I spend a lot of time reading on the Internet and I've found some
very interesting information. Every so often I'll add a new link
pointing to something that I've found fascinating or useful.
April 29, 2014
Yes, it's been that long since I've updated this site. Just testing out some new web editing software as I've now migraged to a Mac.
Check out the CamRanger remote for your camera (Canon or Nikon).
Want to dress up your camera? Lots of smaller point and shoots could use a little extra grip. How about that old SLR where the leather (or faux leather) is worn out. Check out Camera Leather!
May 13 (2010)
One of my favorite comic strips - What the Duck - has just announced their own camera strap. Turns out the vendor will also make a custom strap for you! Check out HiKEY Camera Straps.
Some of the newer cameras allow the user to micro adjust the automatic focusing in the camera. There are even several products out there to help you amoung them the LensAlign from RawWorkflow.com. If you don't want to spend the $79 to $179 for this solution, there are several free methods discussed in an article from Northlight Images.
George DeWolfe has been a photographer since 1964 and holds an MFA in Photography from the Rochester Institute of Technology. He studied with Ansel Adams and Minor White in the 1970s, and studied Perception with Dr. Richard Zakia. George has released a new plugin for use with black & white photographs dubbed "PercepTool". Said to be based on some 30 years of research and development, PercepTool is designed to adjust the look of images, mimicking the processing of the human brain. The idea behind the tool originated in a 1978 essay published by Dr. Edwin H. Land, co-founder of the company which later became Polaroid Corp.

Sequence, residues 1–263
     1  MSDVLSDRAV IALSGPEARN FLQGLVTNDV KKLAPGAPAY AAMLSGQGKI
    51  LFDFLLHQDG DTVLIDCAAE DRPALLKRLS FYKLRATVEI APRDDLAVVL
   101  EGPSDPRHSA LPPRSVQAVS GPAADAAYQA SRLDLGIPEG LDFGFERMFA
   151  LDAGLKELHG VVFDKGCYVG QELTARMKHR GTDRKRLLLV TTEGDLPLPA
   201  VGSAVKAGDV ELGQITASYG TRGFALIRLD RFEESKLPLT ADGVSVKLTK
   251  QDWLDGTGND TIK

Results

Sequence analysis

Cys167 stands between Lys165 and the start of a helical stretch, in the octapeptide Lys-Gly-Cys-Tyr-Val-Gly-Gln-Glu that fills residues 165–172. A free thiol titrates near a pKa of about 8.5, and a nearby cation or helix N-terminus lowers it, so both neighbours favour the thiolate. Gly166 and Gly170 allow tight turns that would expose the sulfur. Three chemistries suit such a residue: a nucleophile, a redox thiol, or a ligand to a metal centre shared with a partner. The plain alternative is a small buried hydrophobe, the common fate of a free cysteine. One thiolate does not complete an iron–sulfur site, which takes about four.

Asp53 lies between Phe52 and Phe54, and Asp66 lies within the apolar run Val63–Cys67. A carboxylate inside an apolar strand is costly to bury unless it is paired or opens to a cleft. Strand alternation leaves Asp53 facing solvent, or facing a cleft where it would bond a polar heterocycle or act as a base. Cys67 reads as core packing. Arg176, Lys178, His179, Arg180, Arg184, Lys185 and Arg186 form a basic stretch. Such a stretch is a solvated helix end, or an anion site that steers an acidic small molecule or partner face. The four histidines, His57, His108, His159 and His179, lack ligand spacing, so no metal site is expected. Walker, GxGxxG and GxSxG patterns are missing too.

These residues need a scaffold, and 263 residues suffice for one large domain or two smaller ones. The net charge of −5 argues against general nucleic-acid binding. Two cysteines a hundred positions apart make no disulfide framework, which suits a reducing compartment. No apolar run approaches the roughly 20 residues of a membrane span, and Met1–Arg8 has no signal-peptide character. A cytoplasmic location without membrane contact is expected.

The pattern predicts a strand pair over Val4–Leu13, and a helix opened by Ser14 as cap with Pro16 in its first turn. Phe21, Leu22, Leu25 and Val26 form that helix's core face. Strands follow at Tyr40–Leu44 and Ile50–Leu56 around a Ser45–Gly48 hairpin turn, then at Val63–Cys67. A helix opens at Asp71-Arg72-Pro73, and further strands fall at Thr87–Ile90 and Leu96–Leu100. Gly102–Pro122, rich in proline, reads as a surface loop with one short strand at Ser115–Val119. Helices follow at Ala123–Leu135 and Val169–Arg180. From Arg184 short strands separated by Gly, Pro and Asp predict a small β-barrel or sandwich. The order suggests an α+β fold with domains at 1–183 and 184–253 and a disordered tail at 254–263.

I've often thought that it would be fun to play with a view camera but all that film developing would be a problem. How about attaching a DSLR to the back of a view camera?
January 18, 2009
Looking for manual for that old camera? Mike Butkus Jr. has made a hobby out of collecting, scanning and then posting them! At last count he had over 2,500 manuals online. All he asks is a $3 donation per manual.
Ning - social networking or just creating your own web page. Very easy and free.
Not photo related but timely: FactCheck.org
Real information and all sides of the story.
Dispair, Inc. - dedicated to the relentless pursuit of dejection. If you've ever seen the motivational posters, then these are the opposite. As they say on the site - motivational posters don't work and our demotivational posters don't work even better. And if you don't like their posters then you can create your own. Also check out the t-shirts.
Ever want to calibrate the color on your monitor but didn't want to buy a colorimeter? Check out Calibrize - a free program to do just that. It's similar to the Adobe gamma program in how it operates but is very easy to use and doesn't require a background driver. Far better than nothing at all but not as good as a hardware system. Also on the Calibrize site is a very nice primer on color, color spaces and color management.
If you like interesting fonts for Photoshop check out dafont.com. Free and easy to install.